COLLEGE STATION, Oct. 26, 2010 – The U.S. Department of Veterans Affairs reports on average, 18 veterans each day commit suicide – many with recent war-zone service. Two Texas A&M University psychologists are working to reduce that number as they research mental health issues affecting veterans and suicide prevention.
Due to repeated deployment and the nature of the wounds they sustain in combat, Iraq and Afghanistan war veterans sometimes return home with mental health problems, such as post-traumatic stress disorder (PTSD), traumatic brain injury or depression, says Timothy Elliott, a counseling psychology professor at Texas A&M. Collaborating on research with Elliott is Edgar Villarreal, a doctoral student in the Department of Educational Psychology.
These mental health issues, as well as other factors such as age and chronic health problems, put veterans at higher risk for suicide, Elliott says.
Over the last two years, Villarreal has worked with the VA’s Mental Illness Research, Education and Clinical Center (MIRREC) in Denver, Colo., which specializes in suicide prevention.
“When clinicians identify their patients as being suicidal, they refer them to the suicide consultation team. The patients go through an extensive interview and diagnostic process,” Villarreal says. “We try to help identify the best treatment plan for these veterans based on their experiences.”
Villarreal also has been helping the MIRREC create a database to track suicidal behaviors and diagnostic factors to reveal the risk of suicide for those veterans with PTSD, traumatic brain injury or both.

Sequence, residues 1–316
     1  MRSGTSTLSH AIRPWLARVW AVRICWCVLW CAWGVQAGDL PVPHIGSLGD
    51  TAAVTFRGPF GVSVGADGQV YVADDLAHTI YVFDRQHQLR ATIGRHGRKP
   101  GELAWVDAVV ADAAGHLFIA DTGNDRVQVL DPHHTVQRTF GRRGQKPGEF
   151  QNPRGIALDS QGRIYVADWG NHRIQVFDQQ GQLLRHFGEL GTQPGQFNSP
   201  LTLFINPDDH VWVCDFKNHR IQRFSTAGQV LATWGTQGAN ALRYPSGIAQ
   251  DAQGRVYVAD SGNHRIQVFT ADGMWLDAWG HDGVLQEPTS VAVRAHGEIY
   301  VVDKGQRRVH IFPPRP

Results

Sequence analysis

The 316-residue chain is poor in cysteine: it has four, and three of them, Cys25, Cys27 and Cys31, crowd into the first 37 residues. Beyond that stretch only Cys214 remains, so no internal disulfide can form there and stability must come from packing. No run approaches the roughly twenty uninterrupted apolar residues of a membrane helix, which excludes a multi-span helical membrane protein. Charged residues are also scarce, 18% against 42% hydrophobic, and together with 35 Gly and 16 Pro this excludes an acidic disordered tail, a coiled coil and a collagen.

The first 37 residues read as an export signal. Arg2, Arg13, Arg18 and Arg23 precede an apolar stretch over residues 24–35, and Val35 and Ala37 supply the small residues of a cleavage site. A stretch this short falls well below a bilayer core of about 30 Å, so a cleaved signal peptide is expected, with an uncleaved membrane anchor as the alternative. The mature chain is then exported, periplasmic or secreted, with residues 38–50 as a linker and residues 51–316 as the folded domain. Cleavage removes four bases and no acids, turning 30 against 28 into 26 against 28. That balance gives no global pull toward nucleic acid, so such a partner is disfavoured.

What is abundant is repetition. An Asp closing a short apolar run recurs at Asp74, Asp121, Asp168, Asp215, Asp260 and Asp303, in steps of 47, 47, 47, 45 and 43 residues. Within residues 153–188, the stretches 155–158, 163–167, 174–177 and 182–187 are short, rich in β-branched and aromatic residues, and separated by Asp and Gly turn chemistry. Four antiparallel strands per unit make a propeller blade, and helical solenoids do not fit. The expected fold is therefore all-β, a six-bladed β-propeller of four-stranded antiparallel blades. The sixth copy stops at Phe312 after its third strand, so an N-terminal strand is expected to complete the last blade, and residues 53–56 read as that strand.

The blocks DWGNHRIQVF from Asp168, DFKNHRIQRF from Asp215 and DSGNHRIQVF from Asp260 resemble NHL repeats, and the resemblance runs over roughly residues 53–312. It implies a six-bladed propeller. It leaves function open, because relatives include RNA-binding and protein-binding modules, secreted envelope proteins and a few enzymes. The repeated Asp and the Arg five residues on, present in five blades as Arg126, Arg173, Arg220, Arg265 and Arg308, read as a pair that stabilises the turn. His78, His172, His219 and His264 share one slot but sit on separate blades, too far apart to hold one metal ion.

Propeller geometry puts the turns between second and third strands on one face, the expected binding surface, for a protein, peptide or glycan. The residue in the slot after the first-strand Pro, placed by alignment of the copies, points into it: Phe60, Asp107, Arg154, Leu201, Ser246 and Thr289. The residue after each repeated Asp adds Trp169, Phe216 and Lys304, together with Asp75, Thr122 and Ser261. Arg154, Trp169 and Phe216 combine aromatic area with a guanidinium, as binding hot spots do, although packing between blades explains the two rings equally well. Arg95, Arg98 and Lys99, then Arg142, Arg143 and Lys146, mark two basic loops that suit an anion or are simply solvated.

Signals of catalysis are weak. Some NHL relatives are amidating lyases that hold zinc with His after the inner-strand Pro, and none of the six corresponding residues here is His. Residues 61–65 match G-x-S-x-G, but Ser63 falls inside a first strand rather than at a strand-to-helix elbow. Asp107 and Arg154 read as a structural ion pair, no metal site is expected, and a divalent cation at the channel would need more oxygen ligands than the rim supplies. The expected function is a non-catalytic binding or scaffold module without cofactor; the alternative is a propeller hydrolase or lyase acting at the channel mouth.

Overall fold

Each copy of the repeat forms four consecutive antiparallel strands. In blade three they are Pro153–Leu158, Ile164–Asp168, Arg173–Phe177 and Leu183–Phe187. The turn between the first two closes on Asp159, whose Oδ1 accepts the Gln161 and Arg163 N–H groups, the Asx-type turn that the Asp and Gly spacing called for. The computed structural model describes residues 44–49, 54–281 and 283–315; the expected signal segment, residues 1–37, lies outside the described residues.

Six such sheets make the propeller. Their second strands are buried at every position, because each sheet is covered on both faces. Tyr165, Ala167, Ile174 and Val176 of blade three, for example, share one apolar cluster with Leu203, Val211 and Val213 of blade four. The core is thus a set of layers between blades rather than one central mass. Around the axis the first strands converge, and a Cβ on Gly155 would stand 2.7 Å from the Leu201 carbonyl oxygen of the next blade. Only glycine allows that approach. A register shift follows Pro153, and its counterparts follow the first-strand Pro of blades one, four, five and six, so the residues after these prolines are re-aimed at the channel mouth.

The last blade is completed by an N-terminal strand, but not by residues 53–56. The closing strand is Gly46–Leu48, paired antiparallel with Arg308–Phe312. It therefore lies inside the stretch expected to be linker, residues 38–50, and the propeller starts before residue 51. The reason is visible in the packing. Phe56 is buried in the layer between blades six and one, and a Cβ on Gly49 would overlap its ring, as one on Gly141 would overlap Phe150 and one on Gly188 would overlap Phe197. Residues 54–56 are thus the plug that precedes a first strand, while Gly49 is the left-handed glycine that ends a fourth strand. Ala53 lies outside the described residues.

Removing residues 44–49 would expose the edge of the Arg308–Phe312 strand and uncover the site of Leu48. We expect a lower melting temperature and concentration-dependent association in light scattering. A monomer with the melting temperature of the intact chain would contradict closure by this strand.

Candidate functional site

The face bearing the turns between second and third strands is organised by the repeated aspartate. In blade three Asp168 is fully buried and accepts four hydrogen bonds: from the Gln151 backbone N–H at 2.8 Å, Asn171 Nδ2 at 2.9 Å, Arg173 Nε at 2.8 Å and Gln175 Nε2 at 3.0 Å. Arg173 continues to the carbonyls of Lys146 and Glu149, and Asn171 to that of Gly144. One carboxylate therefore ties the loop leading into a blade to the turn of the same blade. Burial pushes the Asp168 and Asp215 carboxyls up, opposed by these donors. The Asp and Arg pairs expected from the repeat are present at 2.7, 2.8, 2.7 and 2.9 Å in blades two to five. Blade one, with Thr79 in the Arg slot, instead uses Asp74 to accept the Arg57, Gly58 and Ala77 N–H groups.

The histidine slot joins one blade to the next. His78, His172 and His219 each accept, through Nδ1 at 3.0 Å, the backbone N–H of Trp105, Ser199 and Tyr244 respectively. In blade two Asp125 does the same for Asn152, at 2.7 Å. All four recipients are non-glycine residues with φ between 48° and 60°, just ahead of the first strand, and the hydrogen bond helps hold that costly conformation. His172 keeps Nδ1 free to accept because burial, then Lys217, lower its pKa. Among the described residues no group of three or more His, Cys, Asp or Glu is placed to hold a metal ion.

“Veterans who were at higher risk for suicide had PTSD,” Villarreal says. “Those who had PTSD and traumatic brain injury were also at risk for suicide, but not as much as those who had PTSD alone.”
Given the influx of new veterans into the VA system and the mental health issues some of them face, researchers and clinicians are looking for new, more effective ways to help, Elliott says.
“The Departments of Veterans Affairs and Defense are working to integrate best practices and protocols related to how we treat health problems and how we study them,” Elliott says.
Earlier this year, Elliott, Villarreal and other graduate students attended the State of the Art Conference, a two-day event held by the VA Rehabilitation Research and Development Office to bring specialists together to address veterans’ health issues.
During the conference, students gathered information for articles they will co-author for a special issue of the Journal of Rehabilitation Research and Development. The goal is to identify and articulate best practices and inform VA policies concerning rehabilitation and mental health treatment.
“Given the most recent rash of suicides around the nation, it is clear that suicide has become an issue for both veterans and non-veterans alike,” Villarreal says. “I hope that through my research and the combined efforts of the Department of Veterans Affairs, we can shed light on this phenomenon and help those who suffer in silence.”
About research at Texas A&M University: As one of the world’s leading research institutions, Texas A&M is in the vanguard in making significant contributions to the storehouse of knowledge, including that of science and technology. Research conducted at Texas A&M represents an annual investment of more than $582 million, which ranks third nationally for universities without a medical school, and underwrites approximately 3,500 sponsored projects. That research creates new knowledge that provides basic, fundamental and applied contributions resulting in many cases in economic benefits to the state, nation and world.
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